- Use an early onslaught to your advantage. Leicester City boss Craig Shakespeare laid the groundwork for Tuesday after the first leg, saying that his team would have to attack more and create chances against one of Europe’s top defenses. Over the course of 90 minutes, this is probably good news for Atlético Madrid, but in the early going, I expect Leicester to feed off a raucous King Power Stadium and go for an early goal. Los colchoneros can use this to their advantage, as there will be space to break and threaten on the counterattack if Leicester commit resources forward. An early goal for Leicester would be a blow; an early goal for Atlético would be a knockout punch.
- Get Kévin Gameiro and his pace into the game. The Frenchman is finally fit after he sustained a groin injury on national team duty. The timing could not be better. Gameiro is not likely to displace Fernando Torres in Tuesday’s XI, as he is not fit enough to go all 90 minutes, but he will be needed as an outlet on the break at some point in the match.
The speedy forward will trouble Leicester’s defense - which will be pieced together in light of Robert Huth’s suspension and Wes Morgan’s rickety back. It seems Morgan will play, but the options if he cannot go are midfielder Daniel Amartey slotting in next to Yohan Benalouane or Christian Fuchs moving over from left back and a start for 20-year-old Ben Chilwell.
If Atlético are to kill off this tie, Gameiro’s pace, quickness and understanding with Antoine Griezmann will be essential, especially if Leicester have more than 32 percent of the ball.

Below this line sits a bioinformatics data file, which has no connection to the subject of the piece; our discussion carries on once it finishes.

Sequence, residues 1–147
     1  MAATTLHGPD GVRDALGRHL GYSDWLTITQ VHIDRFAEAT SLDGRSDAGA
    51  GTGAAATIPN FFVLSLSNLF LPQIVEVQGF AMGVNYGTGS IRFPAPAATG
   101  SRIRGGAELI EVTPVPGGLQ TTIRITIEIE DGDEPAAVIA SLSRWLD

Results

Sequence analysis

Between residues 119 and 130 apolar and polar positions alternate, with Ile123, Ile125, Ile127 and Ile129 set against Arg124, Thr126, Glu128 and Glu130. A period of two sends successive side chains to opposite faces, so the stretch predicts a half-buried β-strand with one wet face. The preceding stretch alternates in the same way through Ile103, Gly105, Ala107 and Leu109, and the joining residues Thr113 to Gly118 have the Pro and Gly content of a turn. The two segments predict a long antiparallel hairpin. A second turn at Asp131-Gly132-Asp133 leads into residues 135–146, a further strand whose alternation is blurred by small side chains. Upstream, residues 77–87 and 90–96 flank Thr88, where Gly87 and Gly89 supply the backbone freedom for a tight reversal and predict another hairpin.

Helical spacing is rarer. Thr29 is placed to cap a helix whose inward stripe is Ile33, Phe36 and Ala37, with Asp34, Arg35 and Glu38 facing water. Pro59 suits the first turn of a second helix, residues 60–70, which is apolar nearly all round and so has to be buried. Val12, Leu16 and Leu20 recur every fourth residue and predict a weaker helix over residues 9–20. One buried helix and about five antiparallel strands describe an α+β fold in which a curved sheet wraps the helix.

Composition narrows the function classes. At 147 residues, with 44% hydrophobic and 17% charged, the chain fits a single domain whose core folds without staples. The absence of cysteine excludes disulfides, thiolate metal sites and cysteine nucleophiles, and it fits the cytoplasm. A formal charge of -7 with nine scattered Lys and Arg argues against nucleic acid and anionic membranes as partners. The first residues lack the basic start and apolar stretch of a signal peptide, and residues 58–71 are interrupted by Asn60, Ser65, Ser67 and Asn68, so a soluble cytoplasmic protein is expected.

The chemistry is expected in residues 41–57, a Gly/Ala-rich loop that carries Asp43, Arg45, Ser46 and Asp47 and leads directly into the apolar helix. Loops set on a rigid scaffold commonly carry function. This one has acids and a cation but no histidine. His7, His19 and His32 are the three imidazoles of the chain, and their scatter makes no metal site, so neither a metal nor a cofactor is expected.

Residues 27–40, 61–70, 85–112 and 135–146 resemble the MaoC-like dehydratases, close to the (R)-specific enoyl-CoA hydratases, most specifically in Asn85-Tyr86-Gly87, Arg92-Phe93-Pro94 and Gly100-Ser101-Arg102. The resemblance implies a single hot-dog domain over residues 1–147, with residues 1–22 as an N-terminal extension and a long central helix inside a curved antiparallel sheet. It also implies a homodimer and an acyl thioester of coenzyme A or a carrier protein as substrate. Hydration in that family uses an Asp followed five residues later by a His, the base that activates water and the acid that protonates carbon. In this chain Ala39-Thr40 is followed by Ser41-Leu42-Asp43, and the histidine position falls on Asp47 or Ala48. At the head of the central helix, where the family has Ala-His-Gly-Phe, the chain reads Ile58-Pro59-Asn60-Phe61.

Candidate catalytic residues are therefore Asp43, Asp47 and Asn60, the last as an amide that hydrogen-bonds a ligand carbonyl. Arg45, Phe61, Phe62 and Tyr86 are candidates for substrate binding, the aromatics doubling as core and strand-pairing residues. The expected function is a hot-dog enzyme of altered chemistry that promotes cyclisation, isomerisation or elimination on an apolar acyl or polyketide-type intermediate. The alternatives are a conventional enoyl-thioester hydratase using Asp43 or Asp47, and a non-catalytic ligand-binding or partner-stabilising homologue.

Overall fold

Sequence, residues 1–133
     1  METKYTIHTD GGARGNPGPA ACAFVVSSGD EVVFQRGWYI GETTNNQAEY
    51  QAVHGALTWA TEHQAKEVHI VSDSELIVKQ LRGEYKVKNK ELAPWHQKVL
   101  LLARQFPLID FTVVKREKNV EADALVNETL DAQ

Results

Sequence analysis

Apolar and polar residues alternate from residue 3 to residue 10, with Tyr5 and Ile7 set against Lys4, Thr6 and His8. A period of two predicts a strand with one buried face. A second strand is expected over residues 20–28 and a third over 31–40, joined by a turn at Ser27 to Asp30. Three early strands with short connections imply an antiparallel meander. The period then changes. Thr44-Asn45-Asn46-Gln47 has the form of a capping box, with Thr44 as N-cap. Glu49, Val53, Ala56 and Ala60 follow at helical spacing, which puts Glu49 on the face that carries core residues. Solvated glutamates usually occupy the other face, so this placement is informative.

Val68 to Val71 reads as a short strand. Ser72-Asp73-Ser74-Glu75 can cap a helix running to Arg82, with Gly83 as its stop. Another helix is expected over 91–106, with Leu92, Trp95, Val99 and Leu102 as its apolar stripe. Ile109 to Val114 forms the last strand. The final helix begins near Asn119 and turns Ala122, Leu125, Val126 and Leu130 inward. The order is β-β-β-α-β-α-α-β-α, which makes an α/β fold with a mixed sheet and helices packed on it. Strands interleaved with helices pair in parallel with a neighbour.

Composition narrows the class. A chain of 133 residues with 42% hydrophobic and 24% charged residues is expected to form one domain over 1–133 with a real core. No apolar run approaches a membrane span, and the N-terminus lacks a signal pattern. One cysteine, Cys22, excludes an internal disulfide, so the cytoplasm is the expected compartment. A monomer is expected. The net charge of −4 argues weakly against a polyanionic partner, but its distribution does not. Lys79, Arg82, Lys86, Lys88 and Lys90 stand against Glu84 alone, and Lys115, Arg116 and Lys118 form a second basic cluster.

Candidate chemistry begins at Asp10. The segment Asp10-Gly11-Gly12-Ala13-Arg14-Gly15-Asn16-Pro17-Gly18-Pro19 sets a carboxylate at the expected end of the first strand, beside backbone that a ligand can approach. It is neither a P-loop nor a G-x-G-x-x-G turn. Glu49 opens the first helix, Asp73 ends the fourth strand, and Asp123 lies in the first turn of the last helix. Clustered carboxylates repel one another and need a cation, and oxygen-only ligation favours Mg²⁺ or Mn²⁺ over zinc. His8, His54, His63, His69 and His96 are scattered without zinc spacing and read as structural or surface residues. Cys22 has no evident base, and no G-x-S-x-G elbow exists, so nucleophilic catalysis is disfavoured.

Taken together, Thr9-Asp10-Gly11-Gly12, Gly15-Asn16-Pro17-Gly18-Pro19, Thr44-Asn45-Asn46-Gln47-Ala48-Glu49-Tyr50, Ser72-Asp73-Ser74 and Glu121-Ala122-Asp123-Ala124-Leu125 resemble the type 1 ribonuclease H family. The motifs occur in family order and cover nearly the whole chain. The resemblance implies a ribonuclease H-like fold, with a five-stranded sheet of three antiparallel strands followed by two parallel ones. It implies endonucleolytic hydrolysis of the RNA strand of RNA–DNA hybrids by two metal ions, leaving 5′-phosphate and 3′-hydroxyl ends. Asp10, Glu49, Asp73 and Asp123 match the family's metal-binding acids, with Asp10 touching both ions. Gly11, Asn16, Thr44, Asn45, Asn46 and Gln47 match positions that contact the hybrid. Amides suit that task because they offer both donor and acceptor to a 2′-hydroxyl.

3. Rely on experience. Atlético really do not have to overcomplicate this. Yes, it will be a tight, detail-oriented game as Diego Simeone said Monday. But the fact is that Leicester did not challenge Atleti last week and will need to summon a much different, more inspired performance Tuesday. The Foxes are capable of doing this - ask Jorge Sampaoli - and will not go down easy.
That said, there seems to be a feeling that the atmosphere at King Power Stadium will destabilize Atlético and work heavily to Leicester’s advantage. I respectfully submit that that is nonsense.
All respect to Leicester’s support and what I am sure will be a fiery King Power, but over the past three-plus Champions League seasons, Atlético have played twice at Allianz Arena, twice at Camp Nou and twice at San Siro. Simeone has also taken his team to such scenic locations as Kazakhstan, Russia, Stamford Bridge, Juventus Stadium and the Santiago Bernabéu.
In short: Atleti have been there and done that in high-intensity, high-pressure stadiums over the past few years. It’s a tremendous resume. If Atleti fall victim to another Leicester comeback on Tuesday, it likely will be down to self-inflicted wounds rather than hooliganism and intimidation.